In order for you to succeed and move out of poverty, you got to go to school. You got to go to school. You got to have a vision of what you want to do in your life.


Her parents didn’t stop with just material needs. They both realized the value of education, of putting power in the hands of the people, of voting, and the importance of keeping your hand on the wheel no matter how hard anyone tried to wrest it away. Every opportunity they had her parents would take her and her siblings down to see the voting process, teaching them the value of registration and participation through osmosis, until they were 18 and it became explicit: go register, her mother would say. She would only need to say it once.

When we turned 18, our mother said you got to go register to vote. She only said it one time and that’s all we needed to hear it.


When we turned 18, our mother said you got to go register to vote. She only said it one time and that’s all we needed to hear it.


You never really know until you know but the lessons took. When it came time to have children of her own these lessons carried forward, lessons of provision and power.

“Whatever it takes,” Viola says. Whatever it takes for her children to avoid the fields and to have books and to gain knowledge and to know the power of the vote. “I raised good citizens, productive” she says of her children, a shine in her eye and a wide smile betraying her usual modesty.

The effects of the Civil Rights movement have settled more these days. Viola notices the indifference in the kids, worries about drugs, feels a sense of apathy. It’s a little less happy in some ways for these kids, she probably thinks. It’s not as carefree as the plantation, as odd as that might sound.

Moorhead and the surrounding townships are always riding in a state of flux, going all the way back to the beginning until now, usually at the mercy of the laws of capitalism. Slavery. Sharecropping. Automation. Globalization. Factory life. Box stores. None too many looking back in their wake to see what’s left in the churn.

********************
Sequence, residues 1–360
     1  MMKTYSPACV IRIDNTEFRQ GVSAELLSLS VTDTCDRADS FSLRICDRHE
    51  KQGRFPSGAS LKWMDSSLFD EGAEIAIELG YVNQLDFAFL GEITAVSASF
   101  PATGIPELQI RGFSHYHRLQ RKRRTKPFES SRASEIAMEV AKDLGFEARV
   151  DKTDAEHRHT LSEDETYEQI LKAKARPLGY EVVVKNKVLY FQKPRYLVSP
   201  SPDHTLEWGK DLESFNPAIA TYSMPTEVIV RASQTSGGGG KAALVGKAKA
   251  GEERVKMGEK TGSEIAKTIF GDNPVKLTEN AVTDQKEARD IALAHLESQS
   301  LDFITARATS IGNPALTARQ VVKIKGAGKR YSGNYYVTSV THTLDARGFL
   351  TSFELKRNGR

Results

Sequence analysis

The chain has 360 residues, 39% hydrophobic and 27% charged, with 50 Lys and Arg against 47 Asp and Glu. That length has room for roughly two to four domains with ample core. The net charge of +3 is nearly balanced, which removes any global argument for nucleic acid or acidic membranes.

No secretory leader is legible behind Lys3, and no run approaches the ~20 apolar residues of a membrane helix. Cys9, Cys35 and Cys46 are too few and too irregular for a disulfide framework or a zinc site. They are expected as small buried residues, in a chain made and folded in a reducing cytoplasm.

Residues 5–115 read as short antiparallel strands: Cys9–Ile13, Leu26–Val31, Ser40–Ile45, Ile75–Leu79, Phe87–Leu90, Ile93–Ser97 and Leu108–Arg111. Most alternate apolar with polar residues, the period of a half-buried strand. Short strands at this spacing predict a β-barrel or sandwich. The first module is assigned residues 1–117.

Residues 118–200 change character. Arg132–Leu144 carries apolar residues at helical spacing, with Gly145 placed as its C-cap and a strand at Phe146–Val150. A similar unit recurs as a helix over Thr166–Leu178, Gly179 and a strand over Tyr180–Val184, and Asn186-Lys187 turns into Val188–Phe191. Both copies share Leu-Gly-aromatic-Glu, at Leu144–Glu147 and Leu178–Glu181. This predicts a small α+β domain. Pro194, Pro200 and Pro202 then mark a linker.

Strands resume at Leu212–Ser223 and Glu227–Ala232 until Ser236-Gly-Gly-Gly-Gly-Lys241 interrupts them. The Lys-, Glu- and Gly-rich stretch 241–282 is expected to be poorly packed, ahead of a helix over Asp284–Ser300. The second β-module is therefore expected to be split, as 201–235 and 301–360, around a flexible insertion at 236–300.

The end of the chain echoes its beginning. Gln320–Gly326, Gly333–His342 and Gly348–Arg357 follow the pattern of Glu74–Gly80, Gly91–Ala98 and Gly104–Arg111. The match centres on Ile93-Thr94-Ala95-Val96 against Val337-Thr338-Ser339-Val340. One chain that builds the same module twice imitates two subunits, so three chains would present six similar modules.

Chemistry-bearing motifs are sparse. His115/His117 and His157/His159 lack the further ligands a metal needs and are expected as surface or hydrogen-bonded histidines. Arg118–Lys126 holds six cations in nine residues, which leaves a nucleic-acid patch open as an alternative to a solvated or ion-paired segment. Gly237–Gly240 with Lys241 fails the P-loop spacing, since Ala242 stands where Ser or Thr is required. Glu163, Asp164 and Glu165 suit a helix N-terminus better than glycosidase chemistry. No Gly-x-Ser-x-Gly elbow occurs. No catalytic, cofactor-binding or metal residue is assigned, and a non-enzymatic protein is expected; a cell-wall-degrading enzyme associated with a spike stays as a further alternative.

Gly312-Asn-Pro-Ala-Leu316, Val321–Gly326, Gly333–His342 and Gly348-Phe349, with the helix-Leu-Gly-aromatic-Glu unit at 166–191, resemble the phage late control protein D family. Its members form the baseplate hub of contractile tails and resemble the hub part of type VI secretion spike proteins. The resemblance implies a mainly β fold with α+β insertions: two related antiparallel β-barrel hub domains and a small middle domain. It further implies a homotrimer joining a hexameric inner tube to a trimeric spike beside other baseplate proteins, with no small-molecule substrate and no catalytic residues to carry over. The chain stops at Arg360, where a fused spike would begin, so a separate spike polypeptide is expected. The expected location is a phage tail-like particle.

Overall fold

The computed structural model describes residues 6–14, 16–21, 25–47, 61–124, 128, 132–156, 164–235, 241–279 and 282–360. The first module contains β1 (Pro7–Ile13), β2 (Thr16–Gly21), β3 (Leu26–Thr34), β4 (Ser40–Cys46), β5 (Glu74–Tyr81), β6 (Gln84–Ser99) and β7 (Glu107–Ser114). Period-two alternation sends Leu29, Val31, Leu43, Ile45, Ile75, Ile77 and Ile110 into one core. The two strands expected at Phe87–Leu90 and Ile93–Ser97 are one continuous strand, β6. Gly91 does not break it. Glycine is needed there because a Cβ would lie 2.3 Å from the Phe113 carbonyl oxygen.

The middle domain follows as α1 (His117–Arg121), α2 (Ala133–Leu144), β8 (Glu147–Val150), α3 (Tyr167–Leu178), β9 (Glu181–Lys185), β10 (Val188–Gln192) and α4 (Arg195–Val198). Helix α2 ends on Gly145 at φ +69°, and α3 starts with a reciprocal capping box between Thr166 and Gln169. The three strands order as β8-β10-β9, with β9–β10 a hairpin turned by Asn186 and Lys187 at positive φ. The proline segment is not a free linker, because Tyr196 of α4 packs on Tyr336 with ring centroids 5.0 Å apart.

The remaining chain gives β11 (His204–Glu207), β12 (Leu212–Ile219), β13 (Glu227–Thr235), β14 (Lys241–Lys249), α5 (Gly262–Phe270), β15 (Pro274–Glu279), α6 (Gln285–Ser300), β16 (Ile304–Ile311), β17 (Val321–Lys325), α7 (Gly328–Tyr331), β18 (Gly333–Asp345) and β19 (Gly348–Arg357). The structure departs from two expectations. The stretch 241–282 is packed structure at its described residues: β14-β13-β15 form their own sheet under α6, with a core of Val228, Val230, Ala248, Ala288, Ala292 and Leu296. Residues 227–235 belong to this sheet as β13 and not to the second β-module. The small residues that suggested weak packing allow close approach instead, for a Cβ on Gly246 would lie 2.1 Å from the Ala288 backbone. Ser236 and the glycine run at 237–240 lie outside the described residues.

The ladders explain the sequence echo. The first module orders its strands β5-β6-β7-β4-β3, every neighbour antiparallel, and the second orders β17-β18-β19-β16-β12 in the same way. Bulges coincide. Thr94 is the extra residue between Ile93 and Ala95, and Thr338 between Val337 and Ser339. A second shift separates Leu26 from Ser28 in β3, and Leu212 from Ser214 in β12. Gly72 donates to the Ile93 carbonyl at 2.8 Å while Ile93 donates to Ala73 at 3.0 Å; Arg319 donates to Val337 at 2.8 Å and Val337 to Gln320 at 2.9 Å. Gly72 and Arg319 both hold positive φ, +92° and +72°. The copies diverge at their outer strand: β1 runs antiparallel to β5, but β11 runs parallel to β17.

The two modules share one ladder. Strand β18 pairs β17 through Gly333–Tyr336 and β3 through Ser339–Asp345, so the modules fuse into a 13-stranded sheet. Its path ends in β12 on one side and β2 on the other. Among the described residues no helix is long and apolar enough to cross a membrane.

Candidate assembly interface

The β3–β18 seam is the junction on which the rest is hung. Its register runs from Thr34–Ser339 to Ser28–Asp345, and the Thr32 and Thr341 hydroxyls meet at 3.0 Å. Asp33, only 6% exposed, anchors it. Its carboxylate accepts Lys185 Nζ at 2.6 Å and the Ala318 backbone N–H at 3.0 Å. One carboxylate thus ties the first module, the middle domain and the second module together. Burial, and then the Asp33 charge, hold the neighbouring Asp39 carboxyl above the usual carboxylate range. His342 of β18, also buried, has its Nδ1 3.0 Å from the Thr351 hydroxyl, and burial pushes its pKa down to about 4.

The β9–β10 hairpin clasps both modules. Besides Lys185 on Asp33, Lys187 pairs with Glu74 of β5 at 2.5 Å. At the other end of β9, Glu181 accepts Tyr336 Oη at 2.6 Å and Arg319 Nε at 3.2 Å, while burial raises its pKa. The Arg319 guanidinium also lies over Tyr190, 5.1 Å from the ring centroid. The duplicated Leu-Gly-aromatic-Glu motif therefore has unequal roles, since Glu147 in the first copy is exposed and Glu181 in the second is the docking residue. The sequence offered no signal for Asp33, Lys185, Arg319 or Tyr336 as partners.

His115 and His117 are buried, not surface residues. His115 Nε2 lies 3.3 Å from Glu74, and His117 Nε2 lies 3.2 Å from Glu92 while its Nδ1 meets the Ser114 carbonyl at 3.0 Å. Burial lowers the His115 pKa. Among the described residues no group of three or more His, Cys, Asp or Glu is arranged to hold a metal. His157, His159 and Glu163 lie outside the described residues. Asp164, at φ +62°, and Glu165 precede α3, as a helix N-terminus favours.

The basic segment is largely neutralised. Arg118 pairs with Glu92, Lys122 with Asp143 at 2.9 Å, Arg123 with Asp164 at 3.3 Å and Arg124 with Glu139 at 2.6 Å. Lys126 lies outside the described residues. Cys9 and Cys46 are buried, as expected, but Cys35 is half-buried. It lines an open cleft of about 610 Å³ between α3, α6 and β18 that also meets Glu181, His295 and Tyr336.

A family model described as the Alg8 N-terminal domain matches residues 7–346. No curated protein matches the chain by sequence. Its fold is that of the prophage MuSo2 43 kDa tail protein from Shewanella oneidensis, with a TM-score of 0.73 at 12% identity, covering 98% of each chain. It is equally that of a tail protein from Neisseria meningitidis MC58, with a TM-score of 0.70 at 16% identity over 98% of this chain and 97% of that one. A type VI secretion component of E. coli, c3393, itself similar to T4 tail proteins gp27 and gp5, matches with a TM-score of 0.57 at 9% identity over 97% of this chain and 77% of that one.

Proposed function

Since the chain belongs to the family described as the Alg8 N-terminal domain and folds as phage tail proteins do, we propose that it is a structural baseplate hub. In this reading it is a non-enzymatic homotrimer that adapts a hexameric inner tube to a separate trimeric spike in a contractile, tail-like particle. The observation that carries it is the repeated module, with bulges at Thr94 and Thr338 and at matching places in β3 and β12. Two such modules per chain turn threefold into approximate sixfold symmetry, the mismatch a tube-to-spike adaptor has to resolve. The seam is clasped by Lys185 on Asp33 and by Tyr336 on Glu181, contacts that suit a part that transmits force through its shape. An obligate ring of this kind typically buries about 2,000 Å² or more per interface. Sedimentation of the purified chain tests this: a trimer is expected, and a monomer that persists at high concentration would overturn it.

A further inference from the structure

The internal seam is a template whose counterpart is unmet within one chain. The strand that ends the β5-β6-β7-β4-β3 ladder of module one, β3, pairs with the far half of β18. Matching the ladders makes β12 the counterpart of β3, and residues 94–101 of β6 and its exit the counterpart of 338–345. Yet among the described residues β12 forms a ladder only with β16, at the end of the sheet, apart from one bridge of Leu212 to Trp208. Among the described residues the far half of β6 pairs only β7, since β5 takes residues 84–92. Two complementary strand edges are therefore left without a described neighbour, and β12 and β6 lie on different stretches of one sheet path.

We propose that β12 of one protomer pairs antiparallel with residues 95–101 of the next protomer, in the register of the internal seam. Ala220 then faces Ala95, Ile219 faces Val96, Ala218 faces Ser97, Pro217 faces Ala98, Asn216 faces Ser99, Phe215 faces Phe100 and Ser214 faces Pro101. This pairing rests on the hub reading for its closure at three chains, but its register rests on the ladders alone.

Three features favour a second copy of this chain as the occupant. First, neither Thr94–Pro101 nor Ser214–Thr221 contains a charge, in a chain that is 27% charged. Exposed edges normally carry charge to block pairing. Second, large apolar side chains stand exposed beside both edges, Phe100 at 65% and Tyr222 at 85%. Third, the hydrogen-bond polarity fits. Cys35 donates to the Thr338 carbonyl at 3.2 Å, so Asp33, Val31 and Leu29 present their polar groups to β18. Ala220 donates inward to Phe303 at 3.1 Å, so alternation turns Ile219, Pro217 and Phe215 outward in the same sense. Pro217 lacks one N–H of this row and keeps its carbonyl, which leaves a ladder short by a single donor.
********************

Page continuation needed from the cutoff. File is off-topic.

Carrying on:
But for Viola, that’s Delta life. It just made her work harder. It even made her run for political office. She lost, she says with a smile. But no matter. It doesn’t stop her. An opportunity for change in her community is just that: an opportunity, never a guarantee.

A lot of people would work at the catfish place. Hardly see anyone because they was out working. But there’s no Allen Canning Company no more.


There’s a saying my folks used to say: charity begins at home and spread abroad. You start at home with it.


Even amid all the hardships the Delta brings, nothing keeps Viola from looking for the next opportunity. The harder it gets the deeper she digs, down into that rich soil, finding strength in her roots.

She believes in many things. And at the top of that list is that a life in the Delta is worth living. It’s worth as much as any other life. Otherwise, she says, she would have left long ago. But she’s still here, contributing to the narrative of the land, to that of her people, and that of the future.